I have a sticky note on my bathroom mirror that says, “remember who the f*ck you are”.
It’s easy to doubt yourself when starting a business or a new job. It’s vulnerable and uncertain and sometimes all you see are the potential problems ahead of you.
My sticky note is a reminder of all the tenacity, perseverance, and grit it took to get me here. All the things I’ve already done and accomplished. My incredible passion for my work. The feeling in my bones that I’m meant to do this. My dedication to helping others live better too.
And when I remember who tf I am, I relax my shoulders, stand a little taller, and hold my head a little higher. Turns out there’s science behind this too.
Studies done by Erik Peper, from San Francisco State University, and sports psychologist Vietta Wilson, show that it’s easier to recall happy, optimistic thoughts and memories of ourselves while sitting in an upright posture.
When it’s easier to access positive thoughts and memories, it’s then easier to generalize those thoughts and memories into positive self-beliefs. When we have beliefs and stories about ourselves that are positive, we act and make decisions based on optimistic thinking. We make choices based on what we want instead of what we fear (Wilson, V. E., & Peper, E. 2004)
As Harvard researcher Amy Cuddy says, “expanding your body frees you to approach, act, and persist”.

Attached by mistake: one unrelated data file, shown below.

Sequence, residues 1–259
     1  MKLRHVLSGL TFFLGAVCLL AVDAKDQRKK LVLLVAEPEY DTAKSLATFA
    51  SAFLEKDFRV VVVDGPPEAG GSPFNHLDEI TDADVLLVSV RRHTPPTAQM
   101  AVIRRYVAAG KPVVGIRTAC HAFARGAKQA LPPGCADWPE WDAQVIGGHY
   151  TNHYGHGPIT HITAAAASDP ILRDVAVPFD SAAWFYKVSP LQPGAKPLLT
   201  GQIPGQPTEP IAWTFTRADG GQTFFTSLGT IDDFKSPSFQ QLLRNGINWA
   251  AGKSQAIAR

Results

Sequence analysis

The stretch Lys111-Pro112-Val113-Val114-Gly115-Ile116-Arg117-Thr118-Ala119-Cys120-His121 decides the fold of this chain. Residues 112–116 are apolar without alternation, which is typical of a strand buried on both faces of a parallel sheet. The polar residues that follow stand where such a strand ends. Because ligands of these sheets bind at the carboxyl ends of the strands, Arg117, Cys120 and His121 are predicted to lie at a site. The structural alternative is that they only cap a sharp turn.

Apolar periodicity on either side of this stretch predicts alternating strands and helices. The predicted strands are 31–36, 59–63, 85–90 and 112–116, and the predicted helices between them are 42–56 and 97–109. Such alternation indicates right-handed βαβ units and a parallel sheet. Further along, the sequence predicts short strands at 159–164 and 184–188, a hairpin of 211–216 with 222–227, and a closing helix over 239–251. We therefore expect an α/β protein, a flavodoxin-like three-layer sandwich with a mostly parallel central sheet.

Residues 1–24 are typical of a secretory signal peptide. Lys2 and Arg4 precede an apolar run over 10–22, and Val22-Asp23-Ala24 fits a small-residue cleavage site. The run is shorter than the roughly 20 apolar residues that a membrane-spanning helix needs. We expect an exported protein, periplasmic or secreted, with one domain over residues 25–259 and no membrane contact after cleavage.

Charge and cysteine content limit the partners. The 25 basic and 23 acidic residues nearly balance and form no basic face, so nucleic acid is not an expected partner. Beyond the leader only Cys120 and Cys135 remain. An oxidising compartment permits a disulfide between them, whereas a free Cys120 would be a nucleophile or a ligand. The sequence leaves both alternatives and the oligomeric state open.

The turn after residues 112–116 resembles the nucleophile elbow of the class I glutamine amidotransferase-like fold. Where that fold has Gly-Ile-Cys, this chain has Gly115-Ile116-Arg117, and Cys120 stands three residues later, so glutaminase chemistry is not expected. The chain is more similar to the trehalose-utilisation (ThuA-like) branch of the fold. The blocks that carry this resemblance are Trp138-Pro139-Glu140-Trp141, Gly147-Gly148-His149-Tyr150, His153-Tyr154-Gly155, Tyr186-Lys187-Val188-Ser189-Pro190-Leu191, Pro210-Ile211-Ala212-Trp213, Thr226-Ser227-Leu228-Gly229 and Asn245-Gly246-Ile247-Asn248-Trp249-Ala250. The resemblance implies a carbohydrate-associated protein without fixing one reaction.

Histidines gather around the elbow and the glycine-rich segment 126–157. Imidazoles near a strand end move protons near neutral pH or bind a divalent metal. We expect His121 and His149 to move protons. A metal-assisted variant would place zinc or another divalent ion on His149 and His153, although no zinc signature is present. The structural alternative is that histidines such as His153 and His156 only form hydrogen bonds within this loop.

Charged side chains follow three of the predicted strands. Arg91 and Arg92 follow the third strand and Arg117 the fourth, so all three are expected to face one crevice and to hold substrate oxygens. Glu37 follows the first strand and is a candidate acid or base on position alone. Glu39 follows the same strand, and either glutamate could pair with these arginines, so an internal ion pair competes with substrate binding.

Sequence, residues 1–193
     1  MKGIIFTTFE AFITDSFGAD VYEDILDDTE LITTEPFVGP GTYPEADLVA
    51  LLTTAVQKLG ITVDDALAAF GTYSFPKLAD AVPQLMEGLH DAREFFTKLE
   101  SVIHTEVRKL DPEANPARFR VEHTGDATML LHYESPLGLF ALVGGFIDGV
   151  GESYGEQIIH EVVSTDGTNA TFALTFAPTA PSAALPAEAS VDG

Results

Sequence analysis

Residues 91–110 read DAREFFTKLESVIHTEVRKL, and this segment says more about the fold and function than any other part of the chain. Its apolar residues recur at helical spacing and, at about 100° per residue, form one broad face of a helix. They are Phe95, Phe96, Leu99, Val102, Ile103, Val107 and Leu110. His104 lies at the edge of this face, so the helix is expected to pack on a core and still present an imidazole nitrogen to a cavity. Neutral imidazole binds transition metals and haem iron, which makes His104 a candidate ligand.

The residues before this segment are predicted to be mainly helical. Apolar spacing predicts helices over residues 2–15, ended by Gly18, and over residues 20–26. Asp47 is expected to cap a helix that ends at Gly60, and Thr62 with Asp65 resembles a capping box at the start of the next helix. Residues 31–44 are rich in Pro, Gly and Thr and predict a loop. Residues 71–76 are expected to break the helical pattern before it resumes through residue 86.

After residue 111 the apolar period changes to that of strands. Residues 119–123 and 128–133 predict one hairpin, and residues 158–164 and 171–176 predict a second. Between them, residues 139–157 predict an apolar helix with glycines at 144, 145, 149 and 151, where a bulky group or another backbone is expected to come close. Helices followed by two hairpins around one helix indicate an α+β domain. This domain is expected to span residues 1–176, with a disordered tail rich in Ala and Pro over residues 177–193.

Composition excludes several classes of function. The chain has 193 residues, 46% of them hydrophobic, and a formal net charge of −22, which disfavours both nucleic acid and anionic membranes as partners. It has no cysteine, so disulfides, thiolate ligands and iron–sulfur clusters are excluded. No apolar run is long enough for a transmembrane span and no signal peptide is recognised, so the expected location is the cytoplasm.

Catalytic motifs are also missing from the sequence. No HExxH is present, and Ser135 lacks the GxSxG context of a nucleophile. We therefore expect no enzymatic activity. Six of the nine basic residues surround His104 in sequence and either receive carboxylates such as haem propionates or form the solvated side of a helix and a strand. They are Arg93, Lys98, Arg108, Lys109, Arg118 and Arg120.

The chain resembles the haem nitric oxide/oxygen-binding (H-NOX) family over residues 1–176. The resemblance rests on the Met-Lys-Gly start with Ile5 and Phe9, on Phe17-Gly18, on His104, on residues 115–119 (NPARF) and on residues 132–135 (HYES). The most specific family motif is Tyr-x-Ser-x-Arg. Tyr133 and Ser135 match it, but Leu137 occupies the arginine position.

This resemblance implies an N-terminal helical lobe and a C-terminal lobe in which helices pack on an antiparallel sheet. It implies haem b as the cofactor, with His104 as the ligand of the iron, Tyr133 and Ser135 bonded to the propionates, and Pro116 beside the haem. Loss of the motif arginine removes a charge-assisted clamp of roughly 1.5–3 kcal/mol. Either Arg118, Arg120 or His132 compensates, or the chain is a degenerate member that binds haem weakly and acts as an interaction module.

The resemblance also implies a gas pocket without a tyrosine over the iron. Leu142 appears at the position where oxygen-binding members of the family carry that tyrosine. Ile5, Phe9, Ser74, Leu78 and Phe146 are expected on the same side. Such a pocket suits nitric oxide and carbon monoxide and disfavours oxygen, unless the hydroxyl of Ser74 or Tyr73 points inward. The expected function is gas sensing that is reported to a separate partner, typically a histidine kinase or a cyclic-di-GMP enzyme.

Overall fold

Our body language communicates to us how we perceive ourselves and our world. These perceptions then become reinforced through our own behaviors, actions, and then eventually ingrained into our physiology.
These feelings of personal power and expansiveness are critical for overall performance. We are more persistent problem solvers and have the most neural access to agile, creative thinking when sitting up straight.
Jamini Kwon from Seoul National University has dedicated her research to embodied cognition and “firmly believes that our cognitive processes can be modified through our body”.
Her research has found that not only does a slouched posture increase our cortisol (stress) levels, it will also bias us towards more negative thinking. “We are markedly less motivated and determined when trying to solve complex problems while slouching and contracted-in towards ourselves.” These affects then lead to an increase in self-deprecating thoughts and negative rumination of thoughts like “I’m useless”, “I have no follow-through”, etc. (Kwon, J., & Kim S. Y., 2015)
Contracting-in on ourselves derails our confidence and takes away our motivation and persistence. This then leads to negative thoughts about ourselves and our capabilities.
As activist Maggie Kuhn has said “we have a terrible habit of obstructing our own paths forward, especially at the worst possible moments. Too often we acquiesce to feelings of powerlessness. We consent to them, which does nothing but reinforce them”.
The next time you need to remember who the f*ck you are, stand-up tall so you can remember all those times you were your best self.
Cheers to better living